CHESTERFIELD — A planned Bigfoot and paranormal event scheduled for this weekend at the Madame Sherri Forest “castle” — stone remains from a house that burned down decades ago — is canceled after the property owner, the Society for the Protection of New Hampshire Forests, stepped in.
“We have rules and processes for what kind of events can happen on our reservations,” said Jack Savage, vice president of communications and outreach for the society. “None of that was followed.”
The event, billed as a paranormal and Bigfoot investigation at the castle and forest, was being put on by Haunted in New England and the Squatch Files Research Team, with the $5 tickets being sold through Thriller Events. No one from any of these groups contacted the society, Savage said.
Chesterfield Police Chief Duane Chickering said in a statement posted to social media that the event is now cancelled after the groups were contacted.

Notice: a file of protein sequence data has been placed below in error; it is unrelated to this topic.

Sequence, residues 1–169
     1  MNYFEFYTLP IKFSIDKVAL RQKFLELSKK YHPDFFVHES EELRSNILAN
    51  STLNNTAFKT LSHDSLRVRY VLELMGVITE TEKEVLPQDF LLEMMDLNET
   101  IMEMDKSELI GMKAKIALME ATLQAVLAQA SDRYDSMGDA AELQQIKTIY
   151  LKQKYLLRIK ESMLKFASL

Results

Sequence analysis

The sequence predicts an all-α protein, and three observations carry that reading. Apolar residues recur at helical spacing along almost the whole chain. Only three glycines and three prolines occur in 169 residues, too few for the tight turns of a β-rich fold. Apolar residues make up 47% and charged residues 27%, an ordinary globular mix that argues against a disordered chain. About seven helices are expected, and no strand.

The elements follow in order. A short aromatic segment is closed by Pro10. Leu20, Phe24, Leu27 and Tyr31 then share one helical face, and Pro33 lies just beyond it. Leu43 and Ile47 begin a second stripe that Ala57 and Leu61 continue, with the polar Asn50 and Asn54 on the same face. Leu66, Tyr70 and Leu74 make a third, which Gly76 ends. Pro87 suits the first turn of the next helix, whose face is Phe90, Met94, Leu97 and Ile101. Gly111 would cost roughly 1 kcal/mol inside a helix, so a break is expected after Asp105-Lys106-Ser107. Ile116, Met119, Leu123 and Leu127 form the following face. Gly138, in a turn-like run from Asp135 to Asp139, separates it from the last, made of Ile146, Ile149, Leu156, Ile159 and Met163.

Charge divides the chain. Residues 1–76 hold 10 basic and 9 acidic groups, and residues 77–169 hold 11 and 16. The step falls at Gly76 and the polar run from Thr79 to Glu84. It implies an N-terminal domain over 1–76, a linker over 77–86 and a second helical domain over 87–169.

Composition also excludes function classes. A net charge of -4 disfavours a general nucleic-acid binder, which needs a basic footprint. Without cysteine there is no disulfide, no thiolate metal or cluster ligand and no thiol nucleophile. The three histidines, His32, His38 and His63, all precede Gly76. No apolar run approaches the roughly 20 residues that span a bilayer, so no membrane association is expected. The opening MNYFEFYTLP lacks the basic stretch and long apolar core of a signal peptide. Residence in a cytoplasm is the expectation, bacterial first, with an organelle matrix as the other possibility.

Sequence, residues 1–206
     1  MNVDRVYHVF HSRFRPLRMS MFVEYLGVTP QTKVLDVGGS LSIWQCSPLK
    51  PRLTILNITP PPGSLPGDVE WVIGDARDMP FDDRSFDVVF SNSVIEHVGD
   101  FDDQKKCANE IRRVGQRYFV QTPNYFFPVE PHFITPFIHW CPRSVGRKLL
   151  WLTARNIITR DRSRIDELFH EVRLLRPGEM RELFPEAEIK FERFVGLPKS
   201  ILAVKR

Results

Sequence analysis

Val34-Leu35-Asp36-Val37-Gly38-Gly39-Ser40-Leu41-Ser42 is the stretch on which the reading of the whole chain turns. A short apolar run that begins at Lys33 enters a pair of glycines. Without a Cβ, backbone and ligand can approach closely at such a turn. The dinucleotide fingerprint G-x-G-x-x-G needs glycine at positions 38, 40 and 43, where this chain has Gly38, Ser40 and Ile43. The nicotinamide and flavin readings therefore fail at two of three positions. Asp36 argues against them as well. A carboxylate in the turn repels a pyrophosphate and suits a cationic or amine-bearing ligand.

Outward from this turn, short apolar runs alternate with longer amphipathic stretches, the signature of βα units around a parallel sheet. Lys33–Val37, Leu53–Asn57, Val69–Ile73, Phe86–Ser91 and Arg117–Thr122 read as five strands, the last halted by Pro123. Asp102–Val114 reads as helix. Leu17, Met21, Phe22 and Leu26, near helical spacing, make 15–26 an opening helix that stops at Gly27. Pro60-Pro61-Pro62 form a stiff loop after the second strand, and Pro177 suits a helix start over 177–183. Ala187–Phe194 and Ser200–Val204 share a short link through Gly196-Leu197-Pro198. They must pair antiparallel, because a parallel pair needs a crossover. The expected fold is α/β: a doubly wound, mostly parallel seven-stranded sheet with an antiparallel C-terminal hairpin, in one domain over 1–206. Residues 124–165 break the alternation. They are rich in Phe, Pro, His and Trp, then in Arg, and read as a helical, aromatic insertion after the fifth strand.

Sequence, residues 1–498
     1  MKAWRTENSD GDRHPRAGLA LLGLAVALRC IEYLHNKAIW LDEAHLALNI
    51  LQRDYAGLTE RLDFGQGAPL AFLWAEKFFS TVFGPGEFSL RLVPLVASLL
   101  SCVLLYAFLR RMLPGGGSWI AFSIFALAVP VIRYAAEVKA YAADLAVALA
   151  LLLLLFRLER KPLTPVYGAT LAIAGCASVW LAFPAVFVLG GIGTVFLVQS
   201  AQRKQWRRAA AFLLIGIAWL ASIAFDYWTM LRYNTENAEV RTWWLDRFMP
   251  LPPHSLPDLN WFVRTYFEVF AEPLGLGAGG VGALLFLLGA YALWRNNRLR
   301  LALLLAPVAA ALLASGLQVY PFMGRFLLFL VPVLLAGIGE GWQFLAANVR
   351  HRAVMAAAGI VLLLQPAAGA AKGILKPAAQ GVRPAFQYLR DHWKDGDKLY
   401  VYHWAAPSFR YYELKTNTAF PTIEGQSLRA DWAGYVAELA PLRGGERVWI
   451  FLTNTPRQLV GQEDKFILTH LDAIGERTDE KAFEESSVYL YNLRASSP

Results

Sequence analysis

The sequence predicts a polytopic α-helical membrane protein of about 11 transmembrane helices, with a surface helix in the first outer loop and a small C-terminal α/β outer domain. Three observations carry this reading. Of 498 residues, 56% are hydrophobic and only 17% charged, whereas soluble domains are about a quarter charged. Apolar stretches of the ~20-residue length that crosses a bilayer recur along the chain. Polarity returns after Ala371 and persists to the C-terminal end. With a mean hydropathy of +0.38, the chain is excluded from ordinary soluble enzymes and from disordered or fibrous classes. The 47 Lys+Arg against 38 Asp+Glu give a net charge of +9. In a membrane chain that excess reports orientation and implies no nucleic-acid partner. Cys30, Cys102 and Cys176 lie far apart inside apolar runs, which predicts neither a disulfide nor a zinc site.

“Messages have been delivered to the company advertising this event and we have been told from the company that the event has been cancelled,” Chickering wrote.
Representatives for the organizers did not respond to requests for comment.
Chickering wrote that the event had been sold out, and that social media posts indicated that more than 600 people were interested in going.
Savage isn’t sure of the exact number of people who bought tickets, but said people climbing onto the stairs and foundation of the famous French chateau could do damage to the property. Too many people would also overwhelm the trails and parking lots, he said.
“Large groups of people overburden almost any property,” he said.
Madame Sherri’s Forest derives its name from Parisian costume designer Antoinette Sherri, who was based in New York in the early 1900s. Sherri constructed the summer house in New Hampshire and was known for parties there, according to the society’s website. She lost her fortune and the house fell into disrepair. It was heavily damaged in a fire in 1963. Sherri died in 1965 in Brattleboro, Vt.
New Hampshire resident Ann Stokes bought the property and donated it to the society in the 1990s, according to the website. The 500-acre property includes Indian Pond and the trails connect to the Monadnock Greenway Trail leading to Mount Monadnock.
Savage said people can apply for permits for events at the property, but that they should go through the proper channels.